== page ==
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Monday, April 14, 2014

The Tale of Two Textures: The non-Stipple Option

If you go to a firearms related forum and search "stippling" you will find stuff like this. Some of it is pretty good, some of it isn't, it all probably works for what it is intended for, which is to improve traction on the firearm. I have done a little bit of stippling (and here, and here) and I learned one thing really fast, it is tedious and takes a lot of time to do well. Because of the time involved, some things I just didn't stipple.

You also have to be careful about how you stipple because when carried against the skin, or certain types of fabric it can be abrasive. It wears out the body, or whatever fabric it is rubbing against.

So I starting thinking that there has to be a better way. Something that isn't as time consuming at the very least. A while back, I found it. It is called Marine Tex. There are other products out there that from my understanding you can do the same thing with, and some I hear are even better at it, but this is what I have used. Marine Tex is a two part epoxy that is intended for the repair of boat hulls. So it is a fairly resilient epoxy.

The way this works is you make up a little batch (it doesn't take much) and spread it fairly thin on whatever surface you want to add texture to (I recommend cleaning the surface before hand) and let it set for 20-30 minutes depending on air temperature, humidity, etc. Once it has become a little tacky, you can use a sponge, rag, or whatever you want to tack the surface of the epoxy. It ends up looking like this.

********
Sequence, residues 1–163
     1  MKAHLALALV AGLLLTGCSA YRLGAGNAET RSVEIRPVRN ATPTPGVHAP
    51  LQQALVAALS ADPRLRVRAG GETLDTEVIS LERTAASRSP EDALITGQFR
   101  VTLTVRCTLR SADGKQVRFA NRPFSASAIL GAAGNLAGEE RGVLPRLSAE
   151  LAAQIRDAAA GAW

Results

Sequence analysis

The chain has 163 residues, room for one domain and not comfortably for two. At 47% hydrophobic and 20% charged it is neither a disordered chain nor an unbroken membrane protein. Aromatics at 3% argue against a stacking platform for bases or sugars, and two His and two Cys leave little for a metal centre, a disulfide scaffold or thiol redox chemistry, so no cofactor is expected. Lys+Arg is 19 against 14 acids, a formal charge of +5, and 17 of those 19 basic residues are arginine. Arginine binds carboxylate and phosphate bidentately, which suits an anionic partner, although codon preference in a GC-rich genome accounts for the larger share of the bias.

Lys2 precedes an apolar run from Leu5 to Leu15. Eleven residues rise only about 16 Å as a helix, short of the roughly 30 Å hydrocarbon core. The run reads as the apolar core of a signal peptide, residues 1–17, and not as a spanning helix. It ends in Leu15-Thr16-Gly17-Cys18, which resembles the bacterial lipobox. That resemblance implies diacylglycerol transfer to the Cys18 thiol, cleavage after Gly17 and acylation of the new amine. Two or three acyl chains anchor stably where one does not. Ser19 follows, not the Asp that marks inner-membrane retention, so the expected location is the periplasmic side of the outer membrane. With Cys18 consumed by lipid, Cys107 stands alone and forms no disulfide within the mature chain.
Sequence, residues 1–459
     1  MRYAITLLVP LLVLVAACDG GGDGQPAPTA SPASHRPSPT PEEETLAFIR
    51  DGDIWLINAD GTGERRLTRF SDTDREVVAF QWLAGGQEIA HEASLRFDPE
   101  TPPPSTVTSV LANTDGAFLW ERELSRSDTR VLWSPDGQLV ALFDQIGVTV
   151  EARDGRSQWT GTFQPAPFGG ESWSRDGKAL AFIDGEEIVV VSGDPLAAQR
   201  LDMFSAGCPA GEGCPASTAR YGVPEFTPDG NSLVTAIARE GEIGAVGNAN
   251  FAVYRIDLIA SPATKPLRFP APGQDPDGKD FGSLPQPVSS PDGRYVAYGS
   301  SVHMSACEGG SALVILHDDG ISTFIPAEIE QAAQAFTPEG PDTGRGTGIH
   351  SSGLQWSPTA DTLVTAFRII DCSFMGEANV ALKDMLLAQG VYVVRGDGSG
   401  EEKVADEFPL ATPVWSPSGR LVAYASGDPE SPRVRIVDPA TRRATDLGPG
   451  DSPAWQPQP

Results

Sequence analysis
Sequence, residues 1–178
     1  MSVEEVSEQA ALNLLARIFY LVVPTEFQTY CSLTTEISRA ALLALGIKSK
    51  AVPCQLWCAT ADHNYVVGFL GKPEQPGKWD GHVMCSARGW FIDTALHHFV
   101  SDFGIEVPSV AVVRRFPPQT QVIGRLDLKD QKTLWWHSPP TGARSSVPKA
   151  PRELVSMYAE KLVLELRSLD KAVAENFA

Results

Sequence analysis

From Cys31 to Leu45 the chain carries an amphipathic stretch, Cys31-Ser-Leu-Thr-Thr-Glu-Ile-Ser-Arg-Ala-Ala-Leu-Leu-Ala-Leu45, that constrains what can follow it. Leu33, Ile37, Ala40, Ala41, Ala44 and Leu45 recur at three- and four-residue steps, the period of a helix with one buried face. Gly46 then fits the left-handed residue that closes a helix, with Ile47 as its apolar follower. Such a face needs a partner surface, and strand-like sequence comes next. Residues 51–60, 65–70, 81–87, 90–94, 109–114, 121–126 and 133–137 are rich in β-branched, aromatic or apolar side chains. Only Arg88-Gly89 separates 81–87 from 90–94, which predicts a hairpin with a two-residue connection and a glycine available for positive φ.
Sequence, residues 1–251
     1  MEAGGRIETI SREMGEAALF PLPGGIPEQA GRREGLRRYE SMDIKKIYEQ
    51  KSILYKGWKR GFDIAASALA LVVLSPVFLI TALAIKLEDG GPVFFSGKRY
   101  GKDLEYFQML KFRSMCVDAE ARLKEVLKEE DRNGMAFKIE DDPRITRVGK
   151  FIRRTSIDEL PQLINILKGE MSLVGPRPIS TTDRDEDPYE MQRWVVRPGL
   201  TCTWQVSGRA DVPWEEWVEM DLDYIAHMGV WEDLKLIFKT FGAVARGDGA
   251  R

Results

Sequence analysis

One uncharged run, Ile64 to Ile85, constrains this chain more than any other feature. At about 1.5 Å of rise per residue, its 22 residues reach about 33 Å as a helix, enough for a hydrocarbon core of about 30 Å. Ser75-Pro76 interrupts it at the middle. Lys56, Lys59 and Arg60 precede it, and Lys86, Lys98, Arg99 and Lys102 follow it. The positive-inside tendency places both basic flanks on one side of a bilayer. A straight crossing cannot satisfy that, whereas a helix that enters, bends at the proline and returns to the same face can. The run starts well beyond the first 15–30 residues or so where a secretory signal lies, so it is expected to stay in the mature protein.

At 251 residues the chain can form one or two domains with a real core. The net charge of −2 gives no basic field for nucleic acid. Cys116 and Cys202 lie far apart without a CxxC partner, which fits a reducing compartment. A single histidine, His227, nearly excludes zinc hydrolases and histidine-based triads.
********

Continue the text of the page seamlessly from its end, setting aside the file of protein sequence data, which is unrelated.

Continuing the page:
There will be some sharp peaks, that is okay for now. Once you have all the texture you want/need, let it sit for about 24 hours until the epoxy is completely cured. Once the epoxy is cured, use a piece of sandpaper to take off the sharp peaks and get it to the texture you want. Once you are satisfied, hit it with a little water to wash all the dust away and the grip is done.
 
Depending on what you use to "tack" the surface you can go really gnarly like this.
 
Chopped G22
 
Or something more subtle like this.
 


Gen2 G21
 
Remington R1 w/Mako Magwell Grips

If you end up not liking the end result, just sand it off and start over. Unlike stippling, if you screw this up, odds are you aren't going to ruin your gun in the process which is what I think scares a long of people away from stippling with a heat tool. I have also found that even though you can end up with a very aggressive texture like the chopped G22 pictured above, it doesn't abrade the skin like normal stippling tends to when worn in a holster against the skin or grab clothing. But when you grip it to shoot, you definitely notice a difference.

As for the Magpul grip pictured above, this is the finished product. Total working time start to finish is about 30 minutes with 24 hours or so of curing time.


 




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